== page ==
We’re overdue a recession, so it might be time to be cautious and help yourself

By Charles Coles

Looking at global financial crashes and recessions through the decades a trend can be spotted – they happen roughly every eight to 10 years, and depending on where you’re sitting, New Zealand (and the world) is overdue a financial humdinger.

Right now we are in what’s termed by some as the Covid Recession, it started in 2020. The one before that was the 2007/8 Global Financial Crisis (GFC) which shook the banking system to its roots and saw the collapse of numerous institutions – from investment bank Lehman Brothers in the US, to Northern Rock in the UK, and closer to home South Canterbury Finance (SCF) which cost Kiwi taxpayers a cool $1.6 billion in government bailouts under the retail deposit scheme. SCF was one of nine Kiwi investment firms to fail.

The global recession that followed in 2009/10 saw real estate in New Zealand drop in value by 10% – but prices bounced back within three years as a result of the immigration doors being flung wide open and foreign cash boosting the economy. 

That caused a demand for housing – something we have not yet caught up with, and it’s continuing high immigration that is driving the insane rise in house prices still.

Before the GFC the Dot Com bubble burst in 2000, before that there was a recession in 1990/1, another in 1980/1, and the 1973 oil crisis led to the lights going out in the UK.

And amid the recessions, depending on which country you were in at the time, there were job losses, pay cuts, pay freezes, strikes, protests, clashes, scabs, rubbish left on the streets and the dead remained un-buried as grave diggers went on strike in the UK. Grim.

In 2020, as government lockdowns started to bite hard, and money stopped being shuffled around by consumers, plenty of countries suffered a drop in revenue in lower tax receipts. Governments borrowed $Billions to keep as many people as possible from defaulting on their bank loans (must save the banks).

In addition, central banks – such as the Reserve Bank of New Zealand – created even more money to provide liquidity in their financial systems (again to support the banks). But a year on, governments the world over are deep in debt, they collectively owe trillions of dollars to banks in loans that are paid back with tax receipts – except tax receipts aren’t what they were two years ago.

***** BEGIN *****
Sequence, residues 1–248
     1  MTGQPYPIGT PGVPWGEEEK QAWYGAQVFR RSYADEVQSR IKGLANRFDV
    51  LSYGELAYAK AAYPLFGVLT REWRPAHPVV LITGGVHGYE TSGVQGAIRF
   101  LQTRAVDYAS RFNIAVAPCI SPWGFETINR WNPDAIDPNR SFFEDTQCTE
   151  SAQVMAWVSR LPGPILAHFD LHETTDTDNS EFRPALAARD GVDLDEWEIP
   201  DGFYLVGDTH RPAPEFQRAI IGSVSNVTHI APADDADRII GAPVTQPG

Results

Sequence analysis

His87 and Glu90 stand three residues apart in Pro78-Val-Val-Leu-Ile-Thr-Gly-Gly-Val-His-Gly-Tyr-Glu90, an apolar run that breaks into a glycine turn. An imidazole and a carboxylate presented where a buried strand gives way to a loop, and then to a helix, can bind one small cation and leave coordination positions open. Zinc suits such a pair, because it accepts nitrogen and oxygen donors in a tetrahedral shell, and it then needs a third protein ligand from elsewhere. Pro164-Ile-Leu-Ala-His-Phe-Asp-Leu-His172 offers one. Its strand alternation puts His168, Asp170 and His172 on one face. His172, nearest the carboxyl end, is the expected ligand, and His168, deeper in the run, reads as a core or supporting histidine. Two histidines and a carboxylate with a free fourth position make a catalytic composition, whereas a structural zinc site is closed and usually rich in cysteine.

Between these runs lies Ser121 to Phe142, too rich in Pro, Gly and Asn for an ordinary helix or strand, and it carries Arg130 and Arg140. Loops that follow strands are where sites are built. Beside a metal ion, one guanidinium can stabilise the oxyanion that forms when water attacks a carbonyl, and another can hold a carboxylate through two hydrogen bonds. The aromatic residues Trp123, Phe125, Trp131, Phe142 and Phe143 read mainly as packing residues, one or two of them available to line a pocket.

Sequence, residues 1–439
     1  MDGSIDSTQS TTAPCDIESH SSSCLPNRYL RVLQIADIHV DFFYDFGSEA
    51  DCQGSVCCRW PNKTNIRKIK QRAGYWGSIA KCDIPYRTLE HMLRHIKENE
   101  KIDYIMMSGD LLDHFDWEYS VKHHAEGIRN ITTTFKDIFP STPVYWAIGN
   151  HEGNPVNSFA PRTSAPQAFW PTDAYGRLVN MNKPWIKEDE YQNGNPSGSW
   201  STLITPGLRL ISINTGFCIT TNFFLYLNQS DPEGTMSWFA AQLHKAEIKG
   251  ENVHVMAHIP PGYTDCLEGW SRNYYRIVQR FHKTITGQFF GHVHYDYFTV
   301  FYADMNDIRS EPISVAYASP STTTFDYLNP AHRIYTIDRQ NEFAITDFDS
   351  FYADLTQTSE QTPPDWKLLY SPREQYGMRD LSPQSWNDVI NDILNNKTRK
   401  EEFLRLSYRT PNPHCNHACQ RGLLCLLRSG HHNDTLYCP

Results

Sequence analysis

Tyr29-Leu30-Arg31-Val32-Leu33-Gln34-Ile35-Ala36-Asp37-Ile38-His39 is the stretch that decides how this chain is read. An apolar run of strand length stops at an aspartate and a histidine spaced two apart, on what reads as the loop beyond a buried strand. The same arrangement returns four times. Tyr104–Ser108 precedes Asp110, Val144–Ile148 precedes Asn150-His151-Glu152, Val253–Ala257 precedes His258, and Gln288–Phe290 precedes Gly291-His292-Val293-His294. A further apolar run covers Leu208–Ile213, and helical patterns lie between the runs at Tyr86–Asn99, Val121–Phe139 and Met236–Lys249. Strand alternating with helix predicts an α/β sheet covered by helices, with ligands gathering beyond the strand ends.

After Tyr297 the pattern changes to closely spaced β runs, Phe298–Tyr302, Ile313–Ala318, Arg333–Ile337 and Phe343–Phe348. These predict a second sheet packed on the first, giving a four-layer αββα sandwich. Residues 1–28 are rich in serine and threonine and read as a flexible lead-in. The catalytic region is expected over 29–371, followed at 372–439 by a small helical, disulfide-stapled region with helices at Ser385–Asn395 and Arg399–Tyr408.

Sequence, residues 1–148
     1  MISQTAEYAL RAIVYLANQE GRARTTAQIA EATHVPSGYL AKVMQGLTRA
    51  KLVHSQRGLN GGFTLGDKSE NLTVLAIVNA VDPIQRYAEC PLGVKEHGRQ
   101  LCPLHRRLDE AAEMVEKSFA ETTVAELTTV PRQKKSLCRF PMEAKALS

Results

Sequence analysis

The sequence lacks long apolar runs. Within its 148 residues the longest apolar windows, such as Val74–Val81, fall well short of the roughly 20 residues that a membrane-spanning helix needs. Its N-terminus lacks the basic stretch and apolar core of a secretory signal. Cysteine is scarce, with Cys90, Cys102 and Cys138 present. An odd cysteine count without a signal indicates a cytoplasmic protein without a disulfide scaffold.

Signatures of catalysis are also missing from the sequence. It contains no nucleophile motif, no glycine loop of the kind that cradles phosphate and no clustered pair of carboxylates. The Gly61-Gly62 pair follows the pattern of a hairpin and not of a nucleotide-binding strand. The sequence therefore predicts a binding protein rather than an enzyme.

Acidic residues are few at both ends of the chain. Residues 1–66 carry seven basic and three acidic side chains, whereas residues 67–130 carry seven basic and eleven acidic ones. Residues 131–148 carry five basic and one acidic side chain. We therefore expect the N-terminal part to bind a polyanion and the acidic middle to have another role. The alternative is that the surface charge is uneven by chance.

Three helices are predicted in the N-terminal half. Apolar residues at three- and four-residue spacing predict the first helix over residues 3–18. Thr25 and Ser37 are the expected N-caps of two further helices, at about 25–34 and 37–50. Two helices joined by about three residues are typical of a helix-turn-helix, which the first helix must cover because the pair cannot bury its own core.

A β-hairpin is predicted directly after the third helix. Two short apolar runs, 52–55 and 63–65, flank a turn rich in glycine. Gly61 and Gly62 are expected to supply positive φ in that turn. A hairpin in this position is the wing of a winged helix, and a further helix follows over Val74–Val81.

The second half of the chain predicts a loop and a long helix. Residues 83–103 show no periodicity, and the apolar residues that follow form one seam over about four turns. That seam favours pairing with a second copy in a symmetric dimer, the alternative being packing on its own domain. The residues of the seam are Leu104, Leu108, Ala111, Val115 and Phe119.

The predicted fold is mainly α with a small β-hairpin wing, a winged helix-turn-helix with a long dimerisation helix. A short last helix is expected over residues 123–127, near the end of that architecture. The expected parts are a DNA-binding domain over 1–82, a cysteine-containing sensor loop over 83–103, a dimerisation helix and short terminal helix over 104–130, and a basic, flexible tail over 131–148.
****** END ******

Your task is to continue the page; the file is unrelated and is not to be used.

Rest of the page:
Even China is suffering

Chinese property firm Evergrande – which employs 200,000 people in 280 cities across China – is set to default on debts totalling US$300 billion. And China’s premiere Xi Jinping looks like he’s going to let it happen – fears are it could trigger a property crash worldwide.

Mum and dad investors in China have already stormed the offices of Evergrande demanding their investments back. Needless to say, they were not successful. Meanwhile, Evergrande teeters on the brink of collapse. Real estate accounts for 30% of China’s GDP – it’s a veritable house of cards.

Closer to home, according to the New Zealand Debt Clock, the country owes $126,179,493,868 and it’s ticking up every second – in fact, the number shown on this page was out of date by the time I finished typing it in.

To put it simply, the figure is $126.1 billion and it works out at $71,000 for every household in the country. Every hour the debt grows by $3 million. Half the total is owed to our own Reserve Bank (and so could be wiped off at the press of a button). It created the money out of thin and and can make it evaporate just as easily.

Frankly, we, nor our government (remember it’s our government) haven’t a hope in hell of clearing the debt and getting us into real surplus – cash in the bank. Could a great reset wipe it, and our mortgages, to zero? If you really want to get depressed, check out the World Debt Clock (it’s a doozie!).